In this guide, Ming Lu (founder of Sensible) and Vik Duggal (founder of RevPipes) draw from their decades of experience navigating the startup landscape to detail how to choose the right stage startup to join, and why that decision should be anchored in an accurate assessment of your risk tolerance and career priorities.
Originally delivered as a live discussion for fellows in the On Deck First 50 Fellowship
Deciding that you want to work at a startup is only the first step in an informed job search. The harder part is often what comes next: deciding what kind of startup you want to work at.
The right answer to this question varies a lot depending on who you are, especially when it comes to your risk tolerance and career priorities.
This guide covers the considerations that go into choosing your next startup, including the importance of aligning your risk tolerance with the level of risk of a startup at a particular stage and figuring out whether you are most motivated by personal growth, financial stability, or financial gain.
How comfortable are you with risk?
When evaluating what kind of startup you want to work for, ask yourself whether you want to be employee number two, number two hundred, or whether you want to found something yourself? The answer, most likely, will have a lot to do with your risk tolerance.
The riskiest startup to join is one that you start yourself. As a founder, you often have to put in your own funds, and may not be able to receive a paycheck for a number of years. You have to take on both an intense workload and the responsibility of your employee’s wellbeing and investors’ returns. If you’re looking for a low-risk career investment, this may not be the path for you.
On the other hand, starting your own venture can be incredibly rewarding on a personal, career, and financial level; the financial upside if your own company has a successful exit can often be life-changing. And at the end of the day, if you have an idea that you desperately want to build, this may be the only true path forward for you.
After starting your own business, the next riskiest thing to do is joining an early-stage company. Early-stage startups may not yet have found product-market fit, may not be able to pay their employees high salaries, and have uncertain futures.
That said, early-stage startups can be great places to learn and network, and often offer generous equity packages to their employees.
If you’re looking for the option with the least risk, focus on startups at or past the series B stage. These companies have usually found product-market fit and have reached the growth stage of their life cycle. While there might still be unforeseen issues and changes in company strategy or product down the line, at the series B stage or beyond you should be able to get a good understanding of a company’s roadmap and plans for growth, and estimate how your career fits into that trajectory.
But not all startups are alike, even at the same stage. You have to do your due diligence and assess the specific risk levels of the opportunities in front of you.
For example, a seed-stage company founded by a serial entrepreneur with a record of success may actually be less risky than a series C startup led by a first-time founder without a sound go-to-market strategy. .
Assessing the risk level of a startup is a complicated, often intimidating process. It involves both understanding your own skills and thinking like an investor would about a company’s product and strategy.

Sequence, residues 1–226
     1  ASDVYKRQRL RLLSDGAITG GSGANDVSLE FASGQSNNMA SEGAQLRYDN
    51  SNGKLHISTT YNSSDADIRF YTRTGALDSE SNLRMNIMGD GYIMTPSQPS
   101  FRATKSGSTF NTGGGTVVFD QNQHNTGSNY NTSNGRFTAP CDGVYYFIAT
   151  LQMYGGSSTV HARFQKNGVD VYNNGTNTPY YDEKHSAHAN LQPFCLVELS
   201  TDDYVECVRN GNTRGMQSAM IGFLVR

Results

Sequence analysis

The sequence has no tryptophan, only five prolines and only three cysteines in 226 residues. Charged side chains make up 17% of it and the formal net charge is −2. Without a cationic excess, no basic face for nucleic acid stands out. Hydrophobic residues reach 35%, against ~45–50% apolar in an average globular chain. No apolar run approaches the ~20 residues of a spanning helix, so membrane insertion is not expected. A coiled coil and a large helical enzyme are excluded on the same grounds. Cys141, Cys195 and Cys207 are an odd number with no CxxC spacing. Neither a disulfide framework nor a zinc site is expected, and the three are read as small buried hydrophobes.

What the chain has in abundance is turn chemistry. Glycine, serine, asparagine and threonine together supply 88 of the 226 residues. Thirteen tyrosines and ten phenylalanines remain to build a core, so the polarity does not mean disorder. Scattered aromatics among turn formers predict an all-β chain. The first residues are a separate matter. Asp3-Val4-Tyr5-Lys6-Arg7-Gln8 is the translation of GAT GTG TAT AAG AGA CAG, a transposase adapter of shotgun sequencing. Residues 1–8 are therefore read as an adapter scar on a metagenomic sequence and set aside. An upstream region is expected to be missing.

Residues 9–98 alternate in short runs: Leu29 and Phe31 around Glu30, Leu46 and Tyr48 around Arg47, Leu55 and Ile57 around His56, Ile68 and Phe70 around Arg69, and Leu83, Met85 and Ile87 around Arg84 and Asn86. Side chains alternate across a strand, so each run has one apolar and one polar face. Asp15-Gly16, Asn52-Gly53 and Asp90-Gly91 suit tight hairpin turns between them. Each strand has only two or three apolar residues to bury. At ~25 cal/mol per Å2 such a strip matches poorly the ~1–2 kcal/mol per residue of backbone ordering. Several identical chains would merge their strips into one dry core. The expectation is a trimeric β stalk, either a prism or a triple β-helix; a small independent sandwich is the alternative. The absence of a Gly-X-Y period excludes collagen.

That said, there is research you can do and questions you can ask during your job search to make sure you have all the information you need to navigate this process.
Here are a few such questions:
1. Skill set : How in-demand are your skills?
If you are an engineer, product manager, data scientist, or have another technical skill, the overall risk to your career is lower if a venture doesn’t pan out. People with a technical background can often afford to join riskier ventures with higher potential upside because, given talent market demands, they will likely be able to find another job with relative ease compared to those with less technical skill sets.
2. Company: What is the company’s revenue? Growth? How many shares does it have outstanding?
You can and should ask these questions about the business during your interviews. As long as you come from a genuine place of curiosity, and you don’t ask them too early in the interview process, they should be well received.
If a founder is dodgy about answering your questions, this is a bad sign, and may signal that their financials are in bad shape, or that there is a lack of transparency throughout the company.
3. Founders: Who are the startup’s founders? Do they have a track record of starting successful companies? Do you agree with their values, and believe in their mission?
This question is especially critical if you’re going to be reporting directly to a founder, as is often the case when you join an early-stage startup. But even if you are not, a founder’s attitudes and mindset trickle down to the rest of the company, and you should make sure you are aligned with their priorities before getting on board.
4. Employees: How smart is the team? Do you get along with them, and think they would be good teammates? How do they speak about the company and its direction?
You will have to collaborate closely with your future teammates, and spend dozens of hours a week communicating with them. They should be people you respect, and who you believe are intelligent and add value to the company in their own right.
5. Investors: Who are the investors, if any? Do you trust their investment portfolio? Are they individual angel investors or a massive fund?
A company’s investors are important - backing from a large VC like General Catalyst or Atomico with a track record of success can act as a vote of confidence in a company - but you should not join a venture just because it has big-name investors behind it. You need to make this bet yourself, and have your own reasons for doing so.
6. Product: What is the product? Who are its competitors? Does it have a technological advantage?
Get to know the product well in order to decide if it’s one that you want to get behind and dedicate your time to improving.
7. Market: What is the market this business is operating within? What are the biggest ecosystem risks?
Understanding the product’s market is as important as understanding the product itself. For example, joining a startup operating in a growing market - like virtual fitness or electric vehicles - is a much safer bet than a startup in a shrinking market. You should also try to discern the startup’s regulatory and competitive risks in the market, as well as its position: is it a leader, or joining the party late?